I’ve implemented plenty of ASA 5525-X firewalls with the integrated IPS software module. While the legacy Cisco IPS module does what it’s intended to do, it leaves a great deal to be desired in terms of customization and usability. That’s why I’m very excited to try out Cisco’s new ASA with FirePOWER services. This is the SourceFire implementation when Cisco bought them back in mid-2013. SourceFire was at the top of their game when Cisco bought the company out for $2.7 billion. So it will be very exciting to see how it turned out. NSS Labs performed preliminary testing and found that the ASA/SourceFire combo was more affective at stopping malware than any other vendor including Fortinet and Palo Alto. Looks like good times ahead for Cisco network security in 2015!
Rush Limbaugh is one of the most polarizing figures in America. As a fellow tech geek, I love to hear his comments on Apple products and the company as a whole. And even if you don’t agree with Rush’s politics, he’s dead on when it comes to his opinion on everything Apple.
It seems that no matter what the technology is, hackers have to come along and ruin it with malware in an attempt to cheat unsuspecting users out of their hard earned money. Smartphone technologies seem to be of particular interest for cyber criminals in 2012 and 2013. Everything from bluetooth to NFC has already been abused, and in some cases it’s better to not even use the technology anymore because the danger is so high.
Hackers have apparently gone so far that they are using non-technical means to peddle their malware infected sites. A new and growing trend seems to be the placement of malicious QR codes in high-traffic areas. These codes can either be placed near legitimate advertisements or used as stand-alone ads. QR code users will then use the QR codes to load a webpage — not knowing that the code took them to a site that infects their device with malware or brings them to a phishing site in an attempt to steal identities.
I’m a battery junky. Since I’m always on the road — and always using my phone, tablet, laptop and 4G jetpack, I’m painfully aware of just how dependent I am on battery power. Every night, it’s quite a chore to make sure I plug in each device at night before I go to bed. It’s therefore easy to imagine that I can’t wait for the day where wireless power becomes a reality. And indeed, it will likely happen in my lifetime. But for now, I’d settle for a decent wireless charging solution so I could walk in my house or office and no longer have to worry about plugging stuff in. It would just start charging automatically.
Love them or hate them, technology buzz words are here to stay. Often they’re helpful to get people interested in a new technology. But other times, a buzzword becomes so overhyped that it becomes loathed. The term “cloud computing” nearly became a hated buzzword a few years ago, simply because everyone used it, but didn’t really know what it meant. Over time however, people eventually learned the true power of the cloud and the term was accepted because it became a legitimate technology to the IT community.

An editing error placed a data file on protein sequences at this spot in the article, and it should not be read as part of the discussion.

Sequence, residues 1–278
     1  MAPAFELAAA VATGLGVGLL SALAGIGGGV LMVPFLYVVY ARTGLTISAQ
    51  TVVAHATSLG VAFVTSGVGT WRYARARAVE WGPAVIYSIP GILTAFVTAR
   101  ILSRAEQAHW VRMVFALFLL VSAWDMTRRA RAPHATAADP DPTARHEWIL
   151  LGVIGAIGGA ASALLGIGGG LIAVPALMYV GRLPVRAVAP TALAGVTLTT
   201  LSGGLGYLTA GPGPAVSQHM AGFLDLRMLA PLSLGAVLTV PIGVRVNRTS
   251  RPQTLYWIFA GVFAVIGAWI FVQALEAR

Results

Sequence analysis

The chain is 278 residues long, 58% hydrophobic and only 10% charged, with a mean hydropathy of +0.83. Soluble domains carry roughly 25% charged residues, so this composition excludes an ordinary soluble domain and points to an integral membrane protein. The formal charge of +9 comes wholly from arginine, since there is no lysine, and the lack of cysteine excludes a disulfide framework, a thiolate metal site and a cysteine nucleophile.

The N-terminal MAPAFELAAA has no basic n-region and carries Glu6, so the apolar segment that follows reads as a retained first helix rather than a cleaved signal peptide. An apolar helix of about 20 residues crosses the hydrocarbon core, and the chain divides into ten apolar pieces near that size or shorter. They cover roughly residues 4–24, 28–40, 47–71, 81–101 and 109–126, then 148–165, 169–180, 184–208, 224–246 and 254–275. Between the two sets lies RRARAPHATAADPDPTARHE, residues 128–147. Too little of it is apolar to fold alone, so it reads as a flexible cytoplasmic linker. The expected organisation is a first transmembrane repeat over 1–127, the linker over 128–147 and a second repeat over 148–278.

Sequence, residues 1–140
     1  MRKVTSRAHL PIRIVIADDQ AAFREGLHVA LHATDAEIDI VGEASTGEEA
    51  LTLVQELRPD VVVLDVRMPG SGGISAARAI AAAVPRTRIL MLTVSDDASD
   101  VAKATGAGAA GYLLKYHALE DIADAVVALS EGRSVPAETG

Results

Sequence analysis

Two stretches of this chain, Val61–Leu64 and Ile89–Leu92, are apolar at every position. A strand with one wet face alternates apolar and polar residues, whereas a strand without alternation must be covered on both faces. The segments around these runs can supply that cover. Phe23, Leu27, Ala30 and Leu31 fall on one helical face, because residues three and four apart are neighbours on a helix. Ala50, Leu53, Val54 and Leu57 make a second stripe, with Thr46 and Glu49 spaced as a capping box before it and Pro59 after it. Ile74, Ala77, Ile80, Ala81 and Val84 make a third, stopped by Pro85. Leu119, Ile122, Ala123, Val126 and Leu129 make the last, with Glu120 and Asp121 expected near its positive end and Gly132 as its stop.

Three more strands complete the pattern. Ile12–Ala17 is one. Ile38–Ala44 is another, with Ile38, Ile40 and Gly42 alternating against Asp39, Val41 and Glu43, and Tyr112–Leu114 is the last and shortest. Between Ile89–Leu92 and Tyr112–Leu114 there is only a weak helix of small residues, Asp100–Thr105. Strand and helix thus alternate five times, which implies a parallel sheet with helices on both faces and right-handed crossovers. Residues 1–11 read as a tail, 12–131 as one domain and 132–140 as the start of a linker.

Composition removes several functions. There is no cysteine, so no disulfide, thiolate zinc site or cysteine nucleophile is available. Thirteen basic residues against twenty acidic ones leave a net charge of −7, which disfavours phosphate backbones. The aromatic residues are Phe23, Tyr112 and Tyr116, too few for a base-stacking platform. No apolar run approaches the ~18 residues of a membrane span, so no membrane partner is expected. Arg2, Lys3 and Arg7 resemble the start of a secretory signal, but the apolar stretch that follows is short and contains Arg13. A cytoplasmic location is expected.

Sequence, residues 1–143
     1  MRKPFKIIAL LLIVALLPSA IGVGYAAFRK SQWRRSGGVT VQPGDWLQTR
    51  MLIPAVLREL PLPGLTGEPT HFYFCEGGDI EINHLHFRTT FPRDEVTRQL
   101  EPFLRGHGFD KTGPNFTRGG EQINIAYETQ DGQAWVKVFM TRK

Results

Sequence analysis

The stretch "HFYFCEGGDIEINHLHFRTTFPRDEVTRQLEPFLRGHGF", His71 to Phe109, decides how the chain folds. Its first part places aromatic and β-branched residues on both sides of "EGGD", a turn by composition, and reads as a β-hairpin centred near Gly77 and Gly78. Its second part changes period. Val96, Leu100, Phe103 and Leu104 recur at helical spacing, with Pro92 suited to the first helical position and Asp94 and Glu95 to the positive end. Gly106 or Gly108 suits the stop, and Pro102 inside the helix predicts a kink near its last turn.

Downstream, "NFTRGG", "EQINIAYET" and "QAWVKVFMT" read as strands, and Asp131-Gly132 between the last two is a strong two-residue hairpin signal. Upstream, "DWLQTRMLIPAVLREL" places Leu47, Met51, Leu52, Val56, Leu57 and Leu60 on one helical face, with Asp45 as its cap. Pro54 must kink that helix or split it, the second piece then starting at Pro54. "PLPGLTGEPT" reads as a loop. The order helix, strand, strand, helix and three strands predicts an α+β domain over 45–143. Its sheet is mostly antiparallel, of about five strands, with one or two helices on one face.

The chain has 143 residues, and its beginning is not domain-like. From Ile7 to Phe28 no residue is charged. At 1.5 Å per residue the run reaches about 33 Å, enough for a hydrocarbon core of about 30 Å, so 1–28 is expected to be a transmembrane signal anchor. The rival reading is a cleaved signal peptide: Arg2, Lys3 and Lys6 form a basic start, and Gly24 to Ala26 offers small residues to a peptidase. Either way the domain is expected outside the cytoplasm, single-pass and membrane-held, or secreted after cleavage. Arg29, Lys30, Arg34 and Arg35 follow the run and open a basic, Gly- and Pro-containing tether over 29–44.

For past couple of years, there’s been a battle raging in the enterprise-WiFi space. There are several promising wireless vendors out there, but each one had definite strengths and weaknesses. Wireless network administrators have had the difficult decision of having to choose which features they desired more, at the expense of others.
One of the little talked about benefits of the latest-gen smartphones and tablets is the fact that manufacturers are finally starting to implement wireless chips inside them that can utilize 802.11n at 5 GHz. Many people don’t realize, but before the iPhone 5 and iPad 3, all of Apple’s smartphones and tablets only leveraged wireless chips that operated at 2.4 GHz. This is a problem for many that have a great deal of wireless interference on 2.4 GHz while 5 GHz has far less congestion. Additionally, utilizing 802.11n at 5 GHz allows you to achieve much better performance.
Now that it’s Christmas 2012, the 7 inch tablet market has reached a fever pitch. We now have high-end devices (with mid-range prices) like the Samsung Galaxy tab, Google Nexus 7, Amazon Kindle Fire HD and even the Apple iPod mini are the talk of the town. But there’s one little tablet that’s been around for a long time now that just won’t go away. The Nook Color. And despite the Nook Color falling behind in the specifications department, it’s still fully capable and highly hackable — which makes it a tech geeks go-to tablet despite all the newcomers. After all, it is one of the only tablets out there with an micro-SD card slot. And to top it off, there are great deals on the Nook Color — everything from new units going for $99 on Black Friday, to refurbished units going for $79 online. In my opinion, the Nook Color is a perfectly capable tablet that’s going to find it’s way into plenty of Christmas stockings this year. And if you’re looking for something to tinker around with, for under $100, you can’t go wrong.
From the looks of it, enterprise owned and operated WAN acceleration and optimization appliances are quickly becoming a extinct. One recent example is Ecessa Corp., a manufacturer of WAN acceleration hardware appliances. Seeing the writing on the wall, the company decided to pivot from their focus on hardware manufacturing and sales to a WAN acceleration services and support model. Ecessa will continue to sell hardware, but consider it to be “legacy” arm of their new business strategy. Future customers and revenue streams are expected come primarily in service form that will be sold through their existing VAR network.